Launched in 2015, Google's Project Fi has always had some clever ideas to address common customer pain points in the wireless industry. The Alphabet (NASDAQ:GOOG) (NASDAQ:GOOGL) subsidiary created a sort of hybrid mobile virtual network operator (MVNO) by combining coverage from multiple cellular networks, supplemented by Wi-Fi. Supported phones would dynamically switch to whichever network had the strongest signal.
Initially, Project Fi would even generously and automatically refund back money for unused data, a stark contrast from traditional carriers that view selling unused data as a profit center. This model was changed earlier this year when Google introduced Bill Protection, a simpler model for offering unlimited data that saves customers money in billing cycles where they use little data.
Project Fi's biggest historical weakness has been a dearth of supported devices, although the MVNO has been slowly making progress on that front.
Rebranding as Google Fi
Google announced today that it is dropping the "Project" and renaming the service Google Fi while adding support for many more devices. Most notably, Google Fi will now support Apple's (NASDAQ:AAPL) iPhone (5S, 6, SE or newer), although there are some strings attached. The "majority of Android devices" are now supported, even if they weren't specifically designed for Fi.
Therein lies the rub. Phones that aren't designed for Fi do not support the intelligent network switching, a feature that requires specialized hardware and software. That includes iPhones, which Google says is in beta currently. There are some other small quirks, like no support for visual voicemail in iOS and users will need to adjust settings to send text messages to non-iOS devices. (iMessage works normally.)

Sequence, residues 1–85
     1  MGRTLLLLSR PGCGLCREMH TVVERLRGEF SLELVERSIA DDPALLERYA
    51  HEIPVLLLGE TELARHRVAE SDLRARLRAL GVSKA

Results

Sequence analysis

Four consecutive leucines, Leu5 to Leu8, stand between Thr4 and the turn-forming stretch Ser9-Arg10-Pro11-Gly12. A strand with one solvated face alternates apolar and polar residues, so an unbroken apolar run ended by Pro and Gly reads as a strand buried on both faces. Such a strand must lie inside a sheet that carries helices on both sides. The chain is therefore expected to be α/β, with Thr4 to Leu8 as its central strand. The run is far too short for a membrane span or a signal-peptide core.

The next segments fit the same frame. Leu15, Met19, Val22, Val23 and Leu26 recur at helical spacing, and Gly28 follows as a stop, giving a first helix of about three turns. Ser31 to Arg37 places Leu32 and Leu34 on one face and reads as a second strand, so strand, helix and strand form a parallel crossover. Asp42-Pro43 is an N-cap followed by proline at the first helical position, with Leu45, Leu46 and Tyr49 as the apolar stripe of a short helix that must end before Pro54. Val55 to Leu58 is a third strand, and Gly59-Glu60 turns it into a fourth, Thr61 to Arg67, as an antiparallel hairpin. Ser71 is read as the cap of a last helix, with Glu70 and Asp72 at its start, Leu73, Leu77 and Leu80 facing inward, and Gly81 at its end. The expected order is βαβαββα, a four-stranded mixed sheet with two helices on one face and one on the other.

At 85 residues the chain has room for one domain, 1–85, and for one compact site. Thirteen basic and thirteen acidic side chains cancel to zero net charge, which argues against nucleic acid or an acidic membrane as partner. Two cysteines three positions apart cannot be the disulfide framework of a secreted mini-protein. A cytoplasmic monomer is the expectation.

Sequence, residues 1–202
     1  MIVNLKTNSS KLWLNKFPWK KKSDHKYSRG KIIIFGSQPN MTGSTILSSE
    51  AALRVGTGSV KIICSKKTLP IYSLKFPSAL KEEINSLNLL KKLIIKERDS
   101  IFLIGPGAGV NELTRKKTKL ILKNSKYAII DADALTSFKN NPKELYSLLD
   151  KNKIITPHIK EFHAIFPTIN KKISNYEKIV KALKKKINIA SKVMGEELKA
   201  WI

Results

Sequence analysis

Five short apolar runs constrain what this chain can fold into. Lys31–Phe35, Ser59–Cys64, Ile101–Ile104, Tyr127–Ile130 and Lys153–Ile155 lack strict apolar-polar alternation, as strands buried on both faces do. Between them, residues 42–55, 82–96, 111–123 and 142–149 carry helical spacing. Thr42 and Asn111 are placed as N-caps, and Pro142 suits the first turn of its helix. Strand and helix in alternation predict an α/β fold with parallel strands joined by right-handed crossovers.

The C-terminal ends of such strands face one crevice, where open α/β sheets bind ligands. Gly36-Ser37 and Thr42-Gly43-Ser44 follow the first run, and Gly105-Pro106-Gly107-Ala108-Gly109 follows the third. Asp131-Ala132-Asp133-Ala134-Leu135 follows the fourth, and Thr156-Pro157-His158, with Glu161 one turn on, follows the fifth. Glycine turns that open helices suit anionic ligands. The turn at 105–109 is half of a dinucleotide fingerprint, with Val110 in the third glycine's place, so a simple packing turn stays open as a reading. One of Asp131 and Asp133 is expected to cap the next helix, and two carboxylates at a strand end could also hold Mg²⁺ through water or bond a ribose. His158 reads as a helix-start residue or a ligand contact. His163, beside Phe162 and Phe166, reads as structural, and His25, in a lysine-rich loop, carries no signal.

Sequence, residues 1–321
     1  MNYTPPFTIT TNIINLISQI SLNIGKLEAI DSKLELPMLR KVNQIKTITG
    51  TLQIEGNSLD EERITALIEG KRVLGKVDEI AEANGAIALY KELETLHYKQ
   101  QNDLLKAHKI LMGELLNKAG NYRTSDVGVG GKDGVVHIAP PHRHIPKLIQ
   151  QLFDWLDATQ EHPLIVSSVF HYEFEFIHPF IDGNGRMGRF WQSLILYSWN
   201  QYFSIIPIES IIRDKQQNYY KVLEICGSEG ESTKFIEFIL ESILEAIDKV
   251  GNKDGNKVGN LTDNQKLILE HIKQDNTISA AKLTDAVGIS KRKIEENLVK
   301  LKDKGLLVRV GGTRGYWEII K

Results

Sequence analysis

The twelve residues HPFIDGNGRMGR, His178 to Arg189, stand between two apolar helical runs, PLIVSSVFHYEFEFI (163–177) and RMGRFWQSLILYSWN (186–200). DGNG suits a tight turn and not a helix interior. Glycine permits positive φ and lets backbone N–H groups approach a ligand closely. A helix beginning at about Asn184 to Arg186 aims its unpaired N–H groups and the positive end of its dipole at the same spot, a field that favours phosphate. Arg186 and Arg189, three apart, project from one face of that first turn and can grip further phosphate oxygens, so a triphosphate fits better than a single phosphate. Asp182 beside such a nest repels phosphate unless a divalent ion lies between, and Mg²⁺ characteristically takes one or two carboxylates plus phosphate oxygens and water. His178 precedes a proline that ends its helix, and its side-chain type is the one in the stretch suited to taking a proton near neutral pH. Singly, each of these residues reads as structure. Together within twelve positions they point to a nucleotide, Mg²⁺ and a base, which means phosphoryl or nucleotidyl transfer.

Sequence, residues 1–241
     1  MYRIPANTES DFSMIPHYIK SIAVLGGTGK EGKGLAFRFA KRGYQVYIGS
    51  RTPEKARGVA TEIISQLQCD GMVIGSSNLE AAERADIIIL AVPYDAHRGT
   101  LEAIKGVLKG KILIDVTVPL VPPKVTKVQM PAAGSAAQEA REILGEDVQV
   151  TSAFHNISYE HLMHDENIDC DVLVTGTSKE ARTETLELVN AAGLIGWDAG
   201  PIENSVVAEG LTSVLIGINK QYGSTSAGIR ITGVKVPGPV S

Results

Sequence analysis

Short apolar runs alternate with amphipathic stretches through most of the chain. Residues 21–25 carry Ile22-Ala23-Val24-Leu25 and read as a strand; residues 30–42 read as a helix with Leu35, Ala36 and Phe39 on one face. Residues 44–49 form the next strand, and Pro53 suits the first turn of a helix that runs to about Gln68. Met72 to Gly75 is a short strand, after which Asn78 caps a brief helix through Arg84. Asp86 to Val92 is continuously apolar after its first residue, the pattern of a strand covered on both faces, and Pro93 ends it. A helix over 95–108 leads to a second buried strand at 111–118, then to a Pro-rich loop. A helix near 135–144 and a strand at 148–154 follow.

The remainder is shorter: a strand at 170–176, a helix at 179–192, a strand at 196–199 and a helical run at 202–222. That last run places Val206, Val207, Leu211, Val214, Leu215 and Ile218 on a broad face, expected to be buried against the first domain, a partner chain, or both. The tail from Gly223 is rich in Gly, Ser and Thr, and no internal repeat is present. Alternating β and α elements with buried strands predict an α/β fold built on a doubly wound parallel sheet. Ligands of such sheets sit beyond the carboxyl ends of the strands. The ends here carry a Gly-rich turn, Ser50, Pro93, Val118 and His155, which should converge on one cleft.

In other words, the expanded support for a greater array of devices isn't all that meaningful since those devices don't support many of Fi's most innovative features. Lacking many of the technical benefits, switching to Fi for those users comes down to the flexible billing features that Google offers.
Fi still feels like just a project
While adding support for more devices, including the all-important iPhone, is a step in the right direction, it's still unlikely that Fi will make a meaningful impact on the wireless industry. Google has never disclosed how many Fi subscribers it has, and the service only really appeals to owners of six phones, none of which are particularly high-volume handsets. Many consumers these days are also on family plans, which dramatically raises the switching cost and inconvenience of moving everyone to another carrier.
The silver lining here is that unlike Google Fiber, the search giant's other effort to provide connectivity, Fi uses a capital-light model. Whereas Google Fiber required massive capital expenditures to lay down all that fiber, the company purchases wholesale capacity for Fi from the national carriers. That gives Fi more flexibility and reduces financial pressure. Google wants to take Fi more seriously, but it still has work to do before it can be a viable alternative for most people.